Intravenous nitroglycerin-induced heparin resistance: a qualitative antithrombin III abnormality
Information Services, Academic Computing Services; Department of Cell Biology; Department of Medicine, Division of Cardiovascular Medicine
Adult; Aged; Antigens; Antithrombin III; Coronary Disease; Dose-Response Relationship, Drug; Drug Resistance; Female; Heparin; Humans; Injections, Intravenous; Male; Middle Aged; Nitroglycerin; Partial Thromboplastin Time
An ability of intravenous nitroglycerin to interfere with the anticoagulant properties of intravenous heparin would have profound clinical implications. To investigation nitroglycerin-heparin interactions, the following pilot study was performed. Patients (N = 18) admitted to the coronary care unit with a diagnosis of either acute myocardial infarction or unstable angina were divided into four treatment groups: (1) intravenous nitroglycerin and intravenous heparin; (2) intravenous nitroglycerin alone; (3) intravenous heparin alone; or (4) neither intravenous nitroglycerin nor intravenous heparin. Serial determinations of activated partial thromboplastin time (APTT), serum heparin concentration, antithrombin III (ATIII) antigen (ATA), and ATIII activity (ATC) were obtained over a 72-hour period. Overall, patients receiving intravenous nitroglycerin did not differ significantly from other patients in APTT, heparin dose, heparin concentration, ATA, ATC, or ATA/ATC ratio (ATR). However, patients receiving intravenous nitroglycerin at a rate exceeding 350 micrograms per minute had a lower APTT (p less than 0.05), lower ATC (p = 0.02), higher ATR (p = 0.004), and a larger heparin dose requirement than patients receiving lower infusion rates. ATR correlated directly (r = 0.91; p less than 0.05) and ATC inversely (r = -0.78; p less than 0.05) with the intravenous nitroglycerin dose. Serum heparin concentration did not correlate with the intravenous nitroglycerin dose. Intravenous nitroglycerin-induced heparin resistance occurs at a critical nitroglycerin dose. A nitroglycerin-induced qualitative ATIII abnormality may be the underlying mechanism.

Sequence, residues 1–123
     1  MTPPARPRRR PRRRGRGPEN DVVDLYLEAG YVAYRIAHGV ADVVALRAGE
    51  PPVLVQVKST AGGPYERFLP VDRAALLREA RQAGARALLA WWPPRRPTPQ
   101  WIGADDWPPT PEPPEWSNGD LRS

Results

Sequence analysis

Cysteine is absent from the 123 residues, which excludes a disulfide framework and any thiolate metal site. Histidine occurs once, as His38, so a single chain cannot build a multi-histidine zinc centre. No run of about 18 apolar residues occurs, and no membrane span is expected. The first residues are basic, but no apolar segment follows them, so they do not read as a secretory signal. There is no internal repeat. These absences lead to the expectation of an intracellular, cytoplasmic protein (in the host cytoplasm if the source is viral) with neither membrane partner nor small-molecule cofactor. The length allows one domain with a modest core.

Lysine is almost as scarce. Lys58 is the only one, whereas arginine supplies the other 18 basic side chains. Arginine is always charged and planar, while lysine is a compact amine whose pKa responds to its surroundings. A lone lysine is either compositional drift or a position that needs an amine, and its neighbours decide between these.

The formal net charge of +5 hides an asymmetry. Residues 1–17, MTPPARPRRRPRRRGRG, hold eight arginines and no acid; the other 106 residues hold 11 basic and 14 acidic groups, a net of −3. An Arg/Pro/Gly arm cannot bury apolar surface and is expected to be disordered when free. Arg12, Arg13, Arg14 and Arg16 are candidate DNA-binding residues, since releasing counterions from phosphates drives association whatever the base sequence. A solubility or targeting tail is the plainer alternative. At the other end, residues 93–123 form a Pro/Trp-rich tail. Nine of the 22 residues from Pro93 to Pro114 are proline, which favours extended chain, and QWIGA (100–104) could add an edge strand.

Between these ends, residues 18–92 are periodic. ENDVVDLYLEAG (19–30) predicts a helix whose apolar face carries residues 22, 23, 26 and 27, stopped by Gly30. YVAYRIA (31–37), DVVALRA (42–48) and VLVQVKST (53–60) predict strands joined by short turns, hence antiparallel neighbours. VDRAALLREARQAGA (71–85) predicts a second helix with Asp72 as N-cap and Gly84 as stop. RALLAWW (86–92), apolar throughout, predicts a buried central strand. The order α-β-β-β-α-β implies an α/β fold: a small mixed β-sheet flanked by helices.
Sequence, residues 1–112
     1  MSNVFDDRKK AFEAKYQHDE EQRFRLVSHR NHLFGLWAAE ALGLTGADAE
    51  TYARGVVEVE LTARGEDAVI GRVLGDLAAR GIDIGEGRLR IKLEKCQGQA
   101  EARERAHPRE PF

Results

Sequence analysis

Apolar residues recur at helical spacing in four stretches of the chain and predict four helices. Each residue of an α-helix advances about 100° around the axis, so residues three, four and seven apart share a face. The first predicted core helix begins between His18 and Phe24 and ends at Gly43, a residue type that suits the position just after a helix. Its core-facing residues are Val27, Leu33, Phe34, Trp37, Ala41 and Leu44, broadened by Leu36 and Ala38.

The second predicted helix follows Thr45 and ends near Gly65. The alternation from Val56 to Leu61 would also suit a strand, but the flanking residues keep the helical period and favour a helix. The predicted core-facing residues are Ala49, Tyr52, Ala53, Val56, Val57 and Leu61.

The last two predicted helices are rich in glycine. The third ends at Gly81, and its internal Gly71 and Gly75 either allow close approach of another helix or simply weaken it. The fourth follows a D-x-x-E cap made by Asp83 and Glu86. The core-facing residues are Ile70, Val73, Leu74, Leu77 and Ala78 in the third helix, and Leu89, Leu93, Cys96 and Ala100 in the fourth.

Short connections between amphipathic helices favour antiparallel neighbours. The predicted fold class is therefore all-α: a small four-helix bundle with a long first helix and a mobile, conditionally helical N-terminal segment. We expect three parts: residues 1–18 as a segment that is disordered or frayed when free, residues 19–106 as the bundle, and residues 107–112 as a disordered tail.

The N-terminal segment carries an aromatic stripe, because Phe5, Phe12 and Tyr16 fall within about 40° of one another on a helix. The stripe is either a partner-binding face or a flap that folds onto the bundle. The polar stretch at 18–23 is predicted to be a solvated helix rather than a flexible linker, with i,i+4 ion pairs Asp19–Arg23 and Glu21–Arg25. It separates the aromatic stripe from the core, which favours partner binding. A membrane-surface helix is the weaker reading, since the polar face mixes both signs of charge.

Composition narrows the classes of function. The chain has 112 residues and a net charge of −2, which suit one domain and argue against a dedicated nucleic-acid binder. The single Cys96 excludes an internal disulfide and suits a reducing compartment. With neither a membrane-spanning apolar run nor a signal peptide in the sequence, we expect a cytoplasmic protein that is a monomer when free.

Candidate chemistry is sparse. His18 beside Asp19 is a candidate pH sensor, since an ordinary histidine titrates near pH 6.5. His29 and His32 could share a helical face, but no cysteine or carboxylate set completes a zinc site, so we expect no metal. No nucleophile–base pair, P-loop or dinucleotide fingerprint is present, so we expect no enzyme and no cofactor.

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Citation: Am Heart J. 1990 Jun;119(6):1254-61.